How to suggest someone work harder
When are you going to pull your finger out? 
"Pull your finger out" is an idiom which means "stop being lazy and start working hard". You can use it to give advice e.g. "You need to pull your finger out and finish your essay" or to talk about an ...   more
2405 days ago 5 Comments

How to invite a friend out
You got any plans for tonight? 
The full question form here is "Have you got any plans for tonight?" but it's usual for the question to be shortened to "You got any plans for tonight?" for casual and informal situations. ...   more
2406 days ago 10 Comments

How to say that you admire someone
I look up to you so much.  
"To look up to someone" is an idiom that means "to admire and greatly respect". It is appropriate to use about someone in your family or your social circle, and also appropriate to use about a famous ...   more
2408 days ago 14 Comments

How to say you have finished caring about something or someone
I thought I was over him.  
"To be over something/someone" means that in the past you were very interested in the activity or person but now you are not interested. For example, if you study for an exam for a long time and start ...   more
2409 days ago 6 Comments

How to ask someone to wait
Hang on a minute 
"Hang on a minute" means the same as "wait a minute", but it is more informal and casual. You can also say "hang on" or "hold on" for the same meaning.
2410 days ago 5 Comments

How to say that you have stopped doing an unpleasant activity
I'm done waiting. 
"I'm done + verb-ing" is an informal way to say that you have had enough of something. It suggests that you have done this thing for a long time, it's not a good thing, and you want to stop it and try ...   more
2413 days ago 5 Comments

How to greet someone and respond with bad news
How'd it go? It didn't.  
If someone has been to a meeting or a class or an event, you can ask them afterwards "How'd it go?" meaning "How was it, was it successful?". If the event was good, you can answer "Fine" or "Good" or ...   more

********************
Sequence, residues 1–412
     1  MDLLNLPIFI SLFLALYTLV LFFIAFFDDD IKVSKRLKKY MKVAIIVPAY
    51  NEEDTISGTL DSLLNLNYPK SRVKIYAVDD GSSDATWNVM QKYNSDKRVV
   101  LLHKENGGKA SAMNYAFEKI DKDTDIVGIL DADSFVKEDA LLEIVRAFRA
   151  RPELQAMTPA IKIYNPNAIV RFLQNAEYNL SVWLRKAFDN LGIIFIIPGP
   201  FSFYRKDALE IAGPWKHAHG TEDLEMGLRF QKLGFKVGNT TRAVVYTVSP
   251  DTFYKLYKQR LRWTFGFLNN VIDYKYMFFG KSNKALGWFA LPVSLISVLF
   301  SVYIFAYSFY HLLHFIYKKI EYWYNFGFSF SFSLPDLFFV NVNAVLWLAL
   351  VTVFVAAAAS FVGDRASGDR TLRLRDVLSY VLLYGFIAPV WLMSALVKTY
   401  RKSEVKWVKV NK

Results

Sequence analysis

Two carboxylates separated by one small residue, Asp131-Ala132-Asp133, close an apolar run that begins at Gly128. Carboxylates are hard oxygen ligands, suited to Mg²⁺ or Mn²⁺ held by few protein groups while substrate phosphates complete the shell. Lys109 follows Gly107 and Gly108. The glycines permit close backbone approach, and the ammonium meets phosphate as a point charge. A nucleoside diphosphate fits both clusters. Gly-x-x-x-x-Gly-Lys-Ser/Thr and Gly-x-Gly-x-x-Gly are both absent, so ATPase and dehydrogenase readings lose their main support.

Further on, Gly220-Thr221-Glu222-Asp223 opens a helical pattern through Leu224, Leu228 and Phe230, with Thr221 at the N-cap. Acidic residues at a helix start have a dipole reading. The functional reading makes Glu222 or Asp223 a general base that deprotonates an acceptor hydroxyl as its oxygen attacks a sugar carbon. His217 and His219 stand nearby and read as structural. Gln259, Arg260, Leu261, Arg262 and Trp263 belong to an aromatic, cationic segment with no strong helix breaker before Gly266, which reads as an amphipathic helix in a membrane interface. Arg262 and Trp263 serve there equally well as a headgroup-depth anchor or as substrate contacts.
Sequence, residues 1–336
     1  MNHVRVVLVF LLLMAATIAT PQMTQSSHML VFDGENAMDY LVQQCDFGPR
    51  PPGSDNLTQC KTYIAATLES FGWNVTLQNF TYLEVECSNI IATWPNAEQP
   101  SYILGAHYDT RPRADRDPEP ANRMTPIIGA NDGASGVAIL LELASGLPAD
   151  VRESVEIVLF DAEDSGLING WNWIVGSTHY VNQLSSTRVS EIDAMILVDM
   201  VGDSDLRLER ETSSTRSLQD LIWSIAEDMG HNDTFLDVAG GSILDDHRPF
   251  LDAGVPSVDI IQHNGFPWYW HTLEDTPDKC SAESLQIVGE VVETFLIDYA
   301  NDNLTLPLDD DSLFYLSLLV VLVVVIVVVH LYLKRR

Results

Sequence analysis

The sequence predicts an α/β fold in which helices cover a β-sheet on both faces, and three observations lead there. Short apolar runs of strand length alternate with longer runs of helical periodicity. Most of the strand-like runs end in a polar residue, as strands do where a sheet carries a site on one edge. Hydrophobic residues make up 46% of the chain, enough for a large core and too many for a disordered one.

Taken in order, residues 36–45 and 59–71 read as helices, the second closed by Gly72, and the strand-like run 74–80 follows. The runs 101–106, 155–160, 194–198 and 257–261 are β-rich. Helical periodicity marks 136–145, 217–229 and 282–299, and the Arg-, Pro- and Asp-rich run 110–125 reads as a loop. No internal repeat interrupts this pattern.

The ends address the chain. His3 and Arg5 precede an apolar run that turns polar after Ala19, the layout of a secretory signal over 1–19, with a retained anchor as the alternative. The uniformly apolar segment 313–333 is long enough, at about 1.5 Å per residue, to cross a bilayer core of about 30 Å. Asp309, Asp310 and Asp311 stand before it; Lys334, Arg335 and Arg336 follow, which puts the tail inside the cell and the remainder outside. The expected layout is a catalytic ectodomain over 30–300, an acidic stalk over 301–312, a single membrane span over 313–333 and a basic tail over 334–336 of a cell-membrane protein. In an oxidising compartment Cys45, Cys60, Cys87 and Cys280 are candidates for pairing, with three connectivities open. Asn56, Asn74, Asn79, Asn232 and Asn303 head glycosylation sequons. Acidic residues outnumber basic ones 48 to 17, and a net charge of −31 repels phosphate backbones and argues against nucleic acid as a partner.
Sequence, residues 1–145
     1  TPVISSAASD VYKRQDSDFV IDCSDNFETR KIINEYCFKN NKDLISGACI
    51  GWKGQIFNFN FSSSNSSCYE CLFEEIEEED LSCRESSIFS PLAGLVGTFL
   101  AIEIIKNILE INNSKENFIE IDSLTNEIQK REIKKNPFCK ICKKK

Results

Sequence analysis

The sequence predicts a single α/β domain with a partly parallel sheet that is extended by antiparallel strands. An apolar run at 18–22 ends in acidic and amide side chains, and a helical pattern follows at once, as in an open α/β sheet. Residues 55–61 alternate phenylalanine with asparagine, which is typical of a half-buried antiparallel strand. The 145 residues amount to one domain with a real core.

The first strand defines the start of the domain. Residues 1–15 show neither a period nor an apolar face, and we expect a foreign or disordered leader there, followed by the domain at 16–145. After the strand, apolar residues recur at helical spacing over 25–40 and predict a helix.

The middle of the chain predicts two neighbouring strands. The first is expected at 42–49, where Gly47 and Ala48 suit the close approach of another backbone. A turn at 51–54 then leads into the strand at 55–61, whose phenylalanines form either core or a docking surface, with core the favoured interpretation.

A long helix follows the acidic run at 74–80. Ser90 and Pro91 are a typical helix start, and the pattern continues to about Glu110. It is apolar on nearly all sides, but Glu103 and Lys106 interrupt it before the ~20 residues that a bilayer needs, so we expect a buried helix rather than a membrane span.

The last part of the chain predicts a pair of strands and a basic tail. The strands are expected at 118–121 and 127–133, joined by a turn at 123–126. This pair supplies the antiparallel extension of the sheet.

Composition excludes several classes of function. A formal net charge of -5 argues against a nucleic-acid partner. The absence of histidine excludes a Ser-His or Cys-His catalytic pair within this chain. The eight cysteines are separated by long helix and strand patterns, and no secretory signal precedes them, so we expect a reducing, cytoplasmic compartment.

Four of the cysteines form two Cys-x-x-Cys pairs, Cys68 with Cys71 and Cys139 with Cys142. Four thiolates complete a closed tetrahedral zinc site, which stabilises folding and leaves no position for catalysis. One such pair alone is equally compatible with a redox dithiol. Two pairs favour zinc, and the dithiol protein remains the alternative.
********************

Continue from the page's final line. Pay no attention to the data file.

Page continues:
2414 days ago 6 Comments

How to ask for advice on solving a problem
What do you do with that? 
The question means "what does someone do with a problem like this?" It's a way of asking what the other person would do if they had the speaker's problem.
2415 days ago 5 Comments

How to speak casually
I'd like to see my ideal candidate just more involved in the community. 
Using the word "just" changes the register of a sentence or question to a more casual, informal register. For example, you can say "Could you pass me the dictionary please?" (quite polite and semi-for ...   more
2416 days ago 5 Comments

How to check if you understand correctly
Is that fair to say? 
In this question, "fair" means "reasonable" (it can also mean "pale" - "fair-skinned" people are very pale). The question is used after stating an opinion during a conversation, for example "You must ...   more
2418 days ago 5 Comments

How to say you don't know something
Never heard of it before in my life.  
This sentence is a common way to say "I don't know". Notice that the speaker doesn't say "I've never heard of it before in my life" - they drop the words "I've" completely. This is common in spoken En ...   more
2419 days ago 5 Comments

How to say that someone is criticising
Brad Pitt takes a stab at Jennifer Anniston. 
"To take a stab" is an idiom - it doesn't mean that someone used a knife to hurt someone. It means that someone said nasty, bad or horrible things about someone else. You can say "He took a stab at hi ...   more
2420 days ago 5 Comments

How to say you like something
I'm really into Jessie J. 
"Be into" something means that you really like it and enjoy it. Remember to use the "be" verb with this expression e.g. "I'm into golf", "Are you into pop music?", "He's into rugby". It's an informal ...   more
2421 days ago 5 Comments

How to say that you don't understand.
I just don't get that.  
In this sentence "get" means "understand" - "I don't get it" means "I don't understand it". It's a very common meaning of "get" - you can use it for a question ("Do you get it?") or a negative ("I don ...   more
2422 days ago 5 Comments

How to describe something that is waiting to happen
Everything that's been bottled up in the past three movies kind of explodes in this one. 
"Bottled up" means the person doesn't talk about a problem or issue, and doesn't tell anyone. You can say "He always keeps things bottled up" or "Don't keep that problem bottled up". When someone ha ...   more
2423 days ago 5 Comments

How to say you don't know something
He has no clue why we're here.